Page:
BOONE – After being closed for over three months, Appalachian State University’s Legends music venue is back to being operational.

“As of Thursday, (Feb. 1), we are ready to open,” said Brad Vest, associate director of the Plemmons Student Union and Legends. “We’re very excited to have it back open.”

The building has been closed for renovations since Oct. 23, when flood waters inundated the building, causing sheetrock damage and mold issues that made the building unusable.

“I’ve been at ASU for 25-plus years, and this was the worst flood damage I’ve ever seen at that venue,” Vest said of the damage to Legends.

According to Vest, the building itself hasn’t changed, with the renovations focused strictly on restoration. Vest said the project, which was bid out by the ASU Physical Plant to Spangler Restorations, cost $14,500 and wrapped up in late January.

“They did a fabulous job,” Vest said of Spangler. “The physical plant staff were super to work with. Hats off to them getting the building ready to go.”

With the building at the bottom of a hill on the east side of ASU, the facility is naturally at risk for flood events.

The long-term future of the facility is under question as the ASU 2025 Master Plan calls for the redevelopment of the space.

When asked Monday for comment on the future of the space, ASU spokesperson Megan Hayes referred to a statement by Vice Chancellor for Student Affairs J.J. Brown from Oct. 19, 2017.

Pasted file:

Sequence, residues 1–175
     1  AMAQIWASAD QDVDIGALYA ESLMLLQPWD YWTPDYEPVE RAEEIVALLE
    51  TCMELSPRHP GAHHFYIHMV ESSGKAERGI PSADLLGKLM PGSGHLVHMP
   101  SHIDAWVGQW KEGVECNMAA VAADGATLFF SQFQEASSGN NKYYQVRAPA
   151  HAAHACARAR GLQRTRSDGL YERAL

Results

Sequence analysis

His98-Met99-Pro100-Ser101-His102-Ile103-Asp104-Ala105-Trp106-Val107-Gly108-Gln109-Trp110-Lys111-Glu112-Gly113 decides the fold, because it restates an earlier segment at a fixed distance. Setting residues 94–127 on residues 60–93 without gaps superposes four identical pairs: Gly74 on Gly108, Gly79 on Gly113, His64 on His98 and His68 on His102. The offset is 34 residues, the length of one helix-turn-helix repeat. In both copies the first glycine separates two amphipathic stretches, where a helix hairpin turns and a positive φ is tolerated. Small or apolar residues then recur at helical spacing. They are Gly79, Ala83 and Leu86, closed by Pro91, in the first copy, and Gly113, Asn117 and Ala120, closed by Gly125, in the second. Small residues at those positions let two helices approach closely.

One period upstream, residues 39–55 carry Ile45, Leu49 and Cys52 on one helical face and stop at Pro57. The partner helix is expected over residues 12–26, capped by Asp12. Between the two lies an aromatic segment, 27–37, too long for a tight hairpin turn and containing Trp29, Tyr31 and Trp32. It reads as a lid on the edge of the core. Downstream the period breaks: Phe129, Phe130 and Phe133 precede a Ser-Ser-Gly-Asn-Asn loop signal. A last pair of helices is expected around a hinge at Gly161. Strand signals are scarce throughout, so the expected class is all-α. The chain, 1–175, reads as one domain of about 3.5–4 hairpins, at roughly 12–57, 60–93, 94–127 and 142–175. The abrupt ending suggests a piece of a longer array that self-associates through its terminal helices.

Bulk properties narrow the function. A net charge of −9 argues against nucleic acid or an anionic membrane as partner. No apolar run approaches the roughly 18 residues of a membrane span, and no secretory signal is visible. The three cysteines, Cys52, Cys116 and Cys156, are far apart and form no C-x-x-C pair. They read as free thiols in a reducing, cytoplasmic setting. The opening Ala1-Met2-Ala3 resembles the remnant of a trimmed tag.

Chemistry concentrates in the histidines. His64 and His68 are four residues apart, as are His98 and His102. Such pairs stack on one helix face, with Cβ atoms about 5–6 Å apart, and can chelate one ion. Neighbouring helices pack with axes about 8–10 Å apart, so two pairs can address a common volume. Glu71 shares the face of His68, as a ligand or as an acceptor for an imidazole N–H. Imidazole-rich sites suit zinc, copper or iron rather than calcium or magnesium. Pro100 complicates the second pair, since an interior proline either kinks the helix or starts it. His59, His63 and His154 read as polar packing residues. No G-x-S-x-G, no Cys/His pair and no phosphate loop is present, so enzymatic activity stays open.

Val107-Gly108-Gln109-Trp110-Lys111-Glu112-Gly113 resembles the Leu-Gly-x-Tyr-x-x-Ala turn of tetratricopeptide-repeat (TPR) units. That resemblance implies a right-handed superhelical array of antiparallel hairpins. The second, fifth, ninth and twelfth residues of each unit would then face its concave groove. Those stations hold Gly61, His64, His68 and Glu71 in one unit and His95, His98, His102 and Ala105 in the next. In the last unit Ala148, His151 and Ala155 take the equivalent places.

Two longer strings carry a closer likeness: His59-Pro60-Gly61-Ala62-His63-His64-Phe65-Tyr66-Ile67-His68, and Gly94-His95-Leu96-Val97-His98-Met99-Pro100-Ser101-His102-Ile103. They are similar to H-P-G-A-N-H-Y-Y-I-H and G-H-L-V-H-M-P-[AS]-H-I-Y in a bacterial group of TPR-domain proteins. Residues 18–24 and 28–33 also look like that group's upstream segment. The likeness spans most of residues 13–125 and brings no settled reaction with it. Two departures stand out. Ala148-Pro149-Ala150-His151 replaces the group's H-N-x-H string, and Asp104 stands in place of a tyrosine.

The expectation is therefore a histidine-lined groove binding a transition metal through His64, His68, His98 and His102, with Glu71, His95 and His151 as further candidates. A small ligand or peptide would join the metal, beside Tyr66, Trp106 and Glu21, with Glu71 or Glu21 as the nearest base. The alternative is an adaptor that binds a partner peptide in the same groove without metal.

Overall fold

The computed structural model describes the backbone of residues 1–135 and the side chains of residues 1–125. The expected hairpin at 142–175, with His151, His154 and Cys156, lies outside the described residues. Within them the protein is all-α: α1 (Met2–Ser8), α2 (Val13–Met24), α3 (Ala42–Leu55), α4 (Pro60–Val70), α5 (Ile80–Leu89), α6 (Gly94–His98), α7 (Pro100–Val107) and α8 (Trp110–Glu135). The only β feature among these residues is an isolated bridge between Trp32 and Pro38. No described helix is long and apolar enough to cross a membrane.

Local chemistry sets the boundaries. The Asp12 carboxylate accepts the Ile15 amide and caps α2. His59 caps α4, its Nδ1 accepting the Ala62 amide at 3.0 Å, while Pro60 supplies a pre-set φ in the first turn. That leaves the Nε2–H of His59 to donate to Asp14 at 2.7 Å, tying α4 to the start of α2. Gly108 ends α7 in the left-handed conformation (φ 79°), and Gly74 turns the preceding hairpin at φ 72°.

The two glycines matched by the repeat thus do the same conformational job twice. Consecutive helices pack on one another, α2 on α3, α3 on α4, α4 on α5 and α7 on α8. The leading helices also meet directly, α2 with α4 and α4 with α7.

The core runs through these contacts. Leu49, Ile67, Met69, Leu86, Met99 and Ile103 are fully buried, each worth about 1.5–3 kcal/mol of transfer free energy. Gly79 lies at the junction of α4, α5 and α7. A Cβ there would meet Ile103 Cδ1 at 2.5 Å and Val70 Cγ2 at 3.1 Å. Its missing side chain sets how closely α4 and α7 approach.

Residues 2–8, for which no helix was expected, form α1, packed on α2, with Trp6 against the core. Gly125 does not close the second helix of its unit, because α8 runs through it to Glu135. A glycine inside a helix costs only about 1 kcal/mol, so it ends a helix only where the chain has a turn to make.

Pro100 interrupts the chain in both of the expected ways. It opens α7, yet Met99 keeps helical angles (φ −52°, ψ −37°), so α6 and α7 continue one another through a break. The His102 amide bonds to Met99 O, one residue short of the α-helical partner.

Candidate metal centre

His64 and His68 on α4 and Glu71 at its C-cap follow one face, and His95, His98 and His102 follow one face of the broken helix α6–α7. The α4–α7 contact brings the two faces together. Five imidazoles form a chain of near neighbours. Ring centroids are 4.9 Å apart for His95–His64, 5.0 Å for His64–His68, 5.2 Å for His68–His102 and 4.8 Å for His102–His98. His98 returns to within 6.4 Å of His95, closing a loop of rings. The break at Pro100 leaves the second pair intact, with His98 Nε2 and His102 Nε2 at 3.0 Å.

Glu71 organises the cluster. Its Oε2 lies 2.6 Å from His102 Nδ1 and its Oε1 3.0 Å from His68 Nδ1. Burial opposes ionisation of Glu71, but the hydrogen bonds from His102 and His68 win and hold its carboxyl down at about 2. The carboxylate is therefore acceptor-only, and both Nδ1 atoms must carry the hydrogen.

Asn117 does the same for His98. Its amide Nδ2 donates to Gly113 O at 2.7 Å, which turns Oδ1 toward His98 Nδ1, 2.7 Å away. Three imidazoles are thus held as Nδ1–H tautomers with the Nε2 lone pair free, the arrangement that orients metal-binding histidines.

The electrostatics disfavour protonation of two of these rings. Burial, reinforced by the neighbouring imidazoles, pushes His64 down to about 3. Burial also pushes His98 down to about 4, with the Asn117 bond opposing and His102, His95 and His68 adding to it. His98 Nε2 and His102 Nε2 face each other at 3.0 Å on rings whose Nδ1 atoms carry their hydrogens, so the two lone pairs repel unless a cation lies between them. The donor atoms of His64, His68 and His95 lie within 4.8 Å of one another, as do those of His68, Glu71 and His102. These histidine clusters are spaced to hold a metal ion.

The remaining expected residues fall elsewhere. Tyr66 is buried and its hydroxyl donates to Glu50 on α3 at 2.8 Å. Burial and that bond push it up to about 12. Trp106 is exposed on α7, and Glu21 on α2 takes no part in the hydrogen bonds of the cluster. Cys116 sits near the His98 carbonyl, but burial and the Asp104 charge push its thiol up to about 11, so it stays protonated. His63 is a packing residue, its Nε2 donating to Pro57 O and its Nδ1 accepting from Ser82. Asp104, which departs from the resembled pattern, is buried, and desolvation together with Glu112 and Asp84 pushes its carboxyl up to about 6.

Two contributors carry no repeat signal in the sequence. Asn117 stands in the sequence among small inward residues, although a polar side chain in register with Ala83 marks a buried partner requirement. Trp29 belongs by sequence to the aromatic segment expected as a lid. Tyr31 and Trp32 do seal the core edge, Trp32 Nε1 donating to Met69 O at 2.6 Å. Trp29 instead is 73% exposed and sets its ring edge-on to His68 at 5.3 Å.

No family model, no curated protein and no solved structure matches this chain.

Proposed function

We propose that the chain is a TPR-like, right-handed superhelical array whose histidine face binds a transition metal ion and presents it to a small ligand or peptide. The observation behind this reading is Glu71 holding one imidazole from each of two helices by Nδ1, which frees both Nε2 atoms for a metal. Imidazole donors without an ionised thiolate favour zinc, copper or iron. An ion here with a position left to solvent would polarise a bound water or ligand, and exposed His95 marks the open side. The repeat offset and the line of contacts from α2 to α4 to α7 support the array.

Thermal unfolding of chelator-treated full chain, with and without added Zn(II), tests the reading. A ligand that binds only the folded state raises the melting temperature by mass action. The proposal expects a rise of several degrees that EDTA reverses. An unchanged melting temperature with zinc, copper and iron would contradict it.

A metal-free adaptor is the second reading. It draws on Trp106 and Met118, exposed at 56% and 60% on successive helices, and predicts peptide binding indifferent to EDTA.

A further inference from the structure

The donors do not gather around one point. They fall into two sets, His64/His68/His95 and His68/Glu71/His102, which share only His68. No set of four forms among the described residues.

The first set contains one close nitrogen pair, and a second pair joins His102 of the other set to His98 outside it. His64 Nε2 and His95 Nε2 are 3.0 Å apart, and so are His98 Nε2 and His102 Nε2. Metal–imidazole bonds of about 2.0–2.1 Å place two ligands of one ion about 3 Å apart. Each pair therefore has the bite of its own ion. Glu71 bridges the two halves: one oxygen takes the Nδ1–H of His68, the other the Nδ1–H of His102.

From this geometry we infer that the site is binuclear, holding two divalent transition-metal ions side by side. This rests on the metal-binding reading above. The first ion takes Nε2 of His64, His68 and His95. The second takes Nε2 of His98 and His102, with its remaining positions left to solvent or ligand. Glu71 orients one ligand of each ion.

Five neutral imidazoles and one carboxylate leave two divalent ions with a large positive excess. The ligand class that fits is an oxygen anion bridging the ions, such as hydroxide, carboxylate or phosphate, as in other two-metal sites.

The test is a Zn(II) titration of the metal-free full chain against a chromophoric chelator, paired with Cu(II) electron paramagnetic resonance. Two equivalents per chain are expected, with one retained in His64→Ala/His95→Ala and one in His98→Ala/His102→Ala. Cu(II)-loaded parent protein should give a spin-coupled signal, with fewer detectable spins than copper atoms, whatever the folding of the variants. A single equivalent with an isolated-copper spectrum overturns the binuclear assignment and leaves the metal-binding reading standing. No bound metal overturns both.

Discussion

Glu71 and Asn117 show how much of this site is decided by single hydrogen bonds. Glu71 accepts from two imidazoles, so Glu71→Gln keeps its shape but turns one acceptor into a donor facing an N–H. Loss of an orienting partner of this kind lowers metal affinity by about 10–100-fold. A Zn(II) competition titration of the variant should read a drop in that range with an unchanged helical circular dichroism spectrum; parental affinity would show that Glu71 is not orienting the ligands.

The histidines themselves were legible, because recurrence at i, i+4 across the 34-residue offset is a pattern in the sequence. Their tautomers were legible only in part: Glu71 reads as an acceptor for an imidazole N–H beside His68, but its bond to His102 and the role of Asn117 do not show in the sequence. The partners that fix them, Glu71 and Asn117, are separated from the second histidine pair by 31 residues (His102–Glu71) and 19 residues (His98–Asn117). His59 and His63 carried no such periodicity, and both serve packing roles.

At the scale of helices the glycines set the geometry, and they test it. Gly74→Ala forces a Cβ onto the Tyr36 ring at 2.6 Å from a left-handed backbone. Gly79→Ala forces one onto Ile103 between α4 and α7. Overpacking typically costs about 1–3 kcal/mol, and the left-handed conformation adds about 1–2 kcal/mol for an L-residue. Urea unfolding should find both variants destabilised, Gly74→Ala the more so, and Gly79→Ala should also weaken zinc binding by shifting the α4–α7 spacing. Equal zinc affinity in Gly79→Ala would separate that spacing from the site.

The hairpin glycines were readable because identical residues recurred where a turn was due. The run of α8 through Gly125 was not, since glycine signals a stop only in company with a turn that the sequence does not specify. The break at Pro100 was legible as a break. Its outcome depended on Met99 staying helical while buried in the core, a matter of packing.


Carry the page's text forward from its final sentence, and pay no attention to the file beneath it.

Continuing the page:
“Any investment in continuing its operation at this location could be relatively short-term,” Brown said in the statement.

Brown said Legends has become “very dated,” but did say the facility can be used as an event venue for the foreseeable future.

Brown also referenced a team that ASU Director of the Department of Student Engagement & Leadership Jeff Cathey is leading, which consists of students, faculty and staff which aims to “continuously evaluate the best options given the currently available venues.”

“This group will explore other available opportunities and options that meet the programming needs but are more financially viable than renovating the existing building,” Brown said in the fall. “Possibilities include building a new facility, and considering ways we might configure existing space to become concert and entertainment venues.”

Hayes said the team is still working.

Legends has been operational since 1985, originally opening as H’Appy’s and changing names in 1988. The facility has hosted thousands of acts and events, including Dave Matthews Band, John Mayer, Outkast, Jimmy Fallon, Widespread Panic, Nickel Creek, Chelsea Clinton, Collective Soul, Carrot Top, the Wailers, Edwin McCain and many more.

According to Vest, Legends hosted 22,000 people in the 2016-17 academic year for events.

“It has served us well over the years,” Vest said. “It’s a safe and inclusive environment for programs and entertainment. Great venue for student organizations to have social programming.”

Annual events such as Don’t Throw it Away! And The BIG Sale help serve nonprofits in the area, such as Watauga County Social Services, Legal Aid, Mountain Alliance, Children’s Playhouse and many more.

The first event on the calendar is the 10th annual Fiddler’s Convention kickoff concert on Friday, Feb. 9, from 8 to 11 p.m.

Another big event coming up for Legends will be the ASU Dance Marathon. The annual fundraiser, which has been an ASU tradition for 15 years, benefits the Western Youth Network and Parent to Parent Family Support Network, culminating in a 15-hour dance marathon on Saturday, Feb. 24.

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